25 April 2024


Hospitality sector being priced out of existence says Hospitality Representatives from across UK and Ireland.

At a meeting in Belfast hosted by Hospitality Ulster, trade bodies representing hospitality businesses across England, Scotland, Wales, Northern Ireland and the Republic of Ireland have called on suppliers and government to help their hospitality businesses before it is too late.


The industry bodies have warned that irreparable damage is being done to one of their economy’s most important sectors through continued price increases and government inaction and failure to mitigate surging costs.


Faced with price increases from suppliers, increased labour costs and consumers with less money in their pocket, hospitality businesses have been forced to increase prices and reduce staff as businesses struggle to break even, with many going out of business as they simply cannot cover the costs.


News headlines may be showing a reduction in inflation, but this is only because some consumer products have fallen whist others, like alcohol, continue to rise. In essence prices are rising slower than last year but they are still rising and still putting pressure on hard-hit consumers.


Calling on suppliers to absorb future increases where possible, the trade bodies fixed their focus firmly on their respective governments, stating that the biggest case of business failure was government failure to realise that the world had changed, and hospitality businesses need a new taxation model to survive.



Colin Neill, Chief Executive, Hospitality Ulster said today in a damning statement:


“At what point do Governments actually start to realise the pressure that the hospitality sector is under here?”


“We are seeing in the media that there is a steady stream of establishments going to the wall each week, restaurants and pubs that have been in business for years are being lost. We all see it, they must too. The pandemic, the cost-of-living crisis and ever shifting consumer trends have all had their individual impacts, yet the approach government has towards taxing the sector hasn’t moved with the new realities.”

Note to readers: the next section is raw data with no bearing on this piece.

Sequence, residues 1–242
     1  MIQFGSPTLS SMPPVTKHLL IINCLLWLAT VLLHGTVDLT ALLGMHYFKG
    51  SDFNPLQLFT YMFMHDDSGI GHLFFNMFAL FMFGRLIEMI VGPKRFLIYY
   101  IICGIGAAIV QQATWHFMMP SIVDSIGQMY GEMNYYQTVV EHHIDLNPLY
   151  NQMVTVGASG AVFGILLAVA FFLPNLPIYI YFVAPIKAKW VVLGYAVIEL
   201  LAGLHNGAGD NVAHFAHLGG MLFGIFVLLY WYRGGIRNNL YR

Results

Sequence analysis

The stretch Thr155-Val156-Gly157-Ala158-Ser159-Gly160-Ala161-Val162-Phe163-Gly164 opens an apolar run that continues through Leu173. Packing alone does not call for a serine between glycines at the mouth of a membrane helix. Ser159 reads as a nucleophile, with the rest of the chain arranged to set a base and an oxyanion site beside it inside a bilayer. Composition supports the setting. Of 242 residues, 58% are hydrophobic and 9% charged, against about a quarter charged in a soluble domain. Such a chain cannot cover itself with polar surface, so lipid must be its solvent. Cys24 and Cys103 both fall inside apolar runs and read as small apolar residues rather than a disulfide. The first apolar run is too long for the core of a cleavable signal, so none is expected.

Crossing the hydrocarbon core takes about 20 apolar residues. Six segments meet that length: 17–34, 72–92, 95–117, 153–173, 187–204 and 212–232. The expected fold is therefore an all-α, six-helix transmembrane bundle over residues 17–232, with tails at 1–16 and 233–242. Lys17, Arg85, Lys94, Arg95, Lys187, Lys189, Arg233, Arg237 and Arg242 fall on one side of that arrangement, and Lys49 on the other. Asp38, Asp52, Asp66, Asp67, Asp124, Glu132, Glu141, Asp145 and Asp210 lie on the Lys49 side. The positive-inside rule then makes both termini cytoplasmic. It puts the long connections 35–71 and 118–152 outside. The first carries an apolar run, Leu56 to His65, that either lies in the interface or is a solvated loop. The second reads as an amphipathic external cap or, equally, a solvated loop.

“There is no alternative. A contracting hospitality sector won’t just bounce back, it is being attacked on multiple sides. Owner-managers who just about have their head above the water aren’t optimistic and are shattered emotionally, physically, and financially by struggling to make ends meet. We are not talking about balancing a monthly cashflow here, we are talking about the complete depletion of cash reserves and savings to try and save the last vestiges of hope.” 


“It’s long overdue that the entire taxation system around the hospitality sector is reviewed – VAT, Rates and Employer costs must be reduced – these are all within the control of the government.”


“We are constantly forced to fight fires every single day, which leaves no time at all to look to the future of the sector. The odds seem to be stacked against us, and we must ask, to what end? If the greedy government tax us out of existence, then they won’t have the benefits of what we know was once a vibrant sector ever again. We can see and feel that customers are now at the ceiling of what they can afford with their own disposable incomes as households continue to scale back.”


“We now need to see core priority areas dealt with urgently, the picture could not be clearer about what needs to happen. Without focus on the sustainability of the hospitality sector we won’t meet tourism targets, fewer businesses will mean overall reduced contribution to the government’s coffers and taxation will have to rise again for the businesses that are left in a never ending circle of decline.”